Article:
Many times, though, drummers will have multiple snares for different types of music, or even for different room acoustics, and these they may keep no matter what brand kit they have. Because once you have the sound you want, you want to keep it with you.
This is why many drum companies not only will have kits with snare drum included, but will also have their own line of specialty snares to cater to the individuality of their customers. You can go to the web sites of Tama, Drum Workshop, and Pearl, for example, to see their extensive line of specialty snares to cater to those who are looking for specific features and sounds in a snare, that they may not be getting from the brand of kit they’re currently using.
Such is the specialty of snares that there are drum companies that make only snares. Two examples are Dunnett Classic Drums, and Longo Drums. As you examine the product line of these drum companies, you’ll notice the various materials used to make the snares, be it metals (titanium, brass, bronze, copper, and more) or woods (walnut, maple, cherry, oak, and more). There is such an assortment of sound from the abundance and availability of the snare drum that you’re bound to find one (or several!) that you’ll absolutely love, and never want to part with.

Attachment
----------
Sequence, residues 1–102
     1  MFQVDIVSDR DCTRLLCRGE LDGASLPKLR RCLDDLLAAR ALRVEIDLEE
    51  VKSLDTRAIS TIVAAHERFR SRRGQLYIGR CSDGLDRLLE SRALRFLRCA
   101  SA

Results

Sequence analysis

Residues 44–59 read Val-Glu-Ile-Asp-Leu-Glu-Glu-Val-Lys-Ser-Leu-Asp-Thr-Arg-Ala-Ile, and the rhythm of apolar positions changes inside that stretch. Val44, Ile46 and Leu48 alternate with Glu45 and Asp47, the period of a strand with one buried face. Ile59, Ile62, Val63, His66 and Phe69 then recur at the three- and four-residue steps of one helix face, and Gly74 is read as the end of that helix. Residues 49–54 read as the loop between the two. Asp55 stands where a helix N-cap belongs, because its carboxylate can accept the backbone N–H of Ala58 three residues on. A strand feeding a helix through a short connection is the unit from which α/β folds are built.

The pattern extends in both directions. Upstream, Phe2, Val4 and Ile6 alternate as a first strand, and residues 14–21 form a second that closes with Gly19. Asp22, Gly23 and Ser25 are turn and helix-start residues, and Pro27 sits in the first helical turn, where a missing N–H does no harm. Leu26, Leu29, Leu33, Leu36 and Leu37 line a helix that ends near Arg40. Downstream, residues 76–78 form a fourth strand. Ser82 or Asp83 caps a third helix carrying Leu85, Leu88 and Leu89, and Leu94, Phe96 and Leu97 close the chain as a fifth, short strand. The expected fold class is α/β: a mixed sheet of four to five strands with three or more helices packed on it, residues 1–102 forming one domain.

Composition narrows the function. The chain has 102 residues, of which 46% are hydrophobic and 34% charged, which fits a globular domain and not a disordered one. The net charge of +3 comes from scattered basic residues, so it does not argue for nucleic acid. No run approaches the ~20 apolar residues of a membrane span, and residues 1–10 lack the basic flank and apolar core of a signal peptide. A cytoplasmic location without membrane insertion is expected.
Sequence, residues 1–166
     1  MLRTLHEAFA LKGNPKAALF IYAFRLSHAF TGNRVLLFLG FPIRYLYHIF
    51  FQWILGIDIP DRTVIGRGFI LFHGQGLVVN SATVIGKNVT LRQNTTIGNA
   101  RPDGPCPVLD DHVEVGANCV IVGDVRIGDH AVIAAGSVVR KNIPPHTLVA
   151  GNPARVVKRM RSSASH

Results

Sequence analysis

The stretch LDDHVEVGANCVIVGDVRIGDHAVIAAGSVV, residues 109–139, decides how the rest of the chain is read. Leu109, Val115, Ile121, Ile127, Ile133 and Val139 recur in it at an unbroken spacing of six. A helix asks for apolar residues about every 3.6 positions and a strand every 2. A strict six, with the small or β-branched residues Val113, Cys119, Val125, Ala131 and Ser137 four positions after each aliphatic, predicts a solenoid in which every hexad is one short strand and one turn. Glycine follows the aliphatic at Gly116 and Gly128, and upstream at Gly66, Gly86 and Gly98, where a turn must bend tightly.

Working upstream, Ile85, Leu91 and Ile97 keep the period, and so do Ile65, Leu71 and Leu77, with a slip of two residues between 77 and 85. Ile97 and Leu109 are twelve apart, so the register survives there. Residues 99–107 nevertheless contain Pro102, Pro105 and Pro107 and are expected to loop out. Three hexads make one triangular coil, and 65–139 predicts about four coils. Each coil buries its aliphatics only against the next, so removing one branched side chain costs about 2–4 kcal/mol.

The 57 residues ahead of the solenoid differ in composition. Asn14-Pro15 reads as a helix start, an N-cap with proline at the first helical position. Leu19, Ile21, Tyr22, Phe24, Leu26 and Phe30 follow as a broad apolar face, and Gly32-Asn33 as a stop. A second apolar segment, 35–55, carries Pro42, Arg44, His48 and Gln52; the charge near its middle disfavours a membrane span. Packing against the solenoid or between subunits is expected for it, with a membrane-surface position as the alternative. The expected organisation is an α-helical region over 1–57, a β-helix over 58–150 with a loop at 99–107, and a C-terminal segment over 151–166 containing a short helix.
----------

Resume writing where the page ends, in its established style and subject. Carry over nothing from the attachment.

As an example of one of these snares, Drum Center of Portsmouth, NH has a video on YouTube demonstrating the sound of one of the Dunnett Classic snares, the Stainless Steel 6.5x14”. It would be a great exercise to listen to the different sounds of as many snares as possible, from as many companies as possible, to discover how versatile and varied this very important drum can sound.
I personally own two snare drums currently. I have a DW Pacific FS Series 5x14” birch snare (which is part of my 5pc kit of the same make and model), natural to charcoal finish. I also have a DW Pacific metal snare, 5x13”. The FS Series snare is adequate and sounds pretty good, but I’ve heard better sounding snares that I would rather have; I’m not that attached to it. My metal snare is my ‘Number One’, a gift from the Mrs. It has a higher pitch than the FS snare, which I like because it sounds somewhat like a piccolo snare. Please check out my cover of the Yes classic “Future Times/Rejoice”, where I use the 13” metal snare on my left for the higher pitched sections of the song, and the main FS snare the rest of the time. See if you notice the difference!
So as you can see, us drummers are very attached to our snares, so much so that there are drum companies dedicated to just that drum. As mentioned, taking a field trip to a music store, or a drum store if you’re lucky to have one close by, is a great idea so as to play around with all the different snares to get a feel for what sounds best to you. Eventually, you also will become so attached to your snare that you also will be saying, “leave that snare alone!”+
*The title of this article, “Leave That Snare Alone!”, is actually a play on words from an instrumental by Canadian rock power trio Rush called “Leave That Thing Alone!”
+For yet more coverage on our favorite drum, please read "Great Snares of Rock"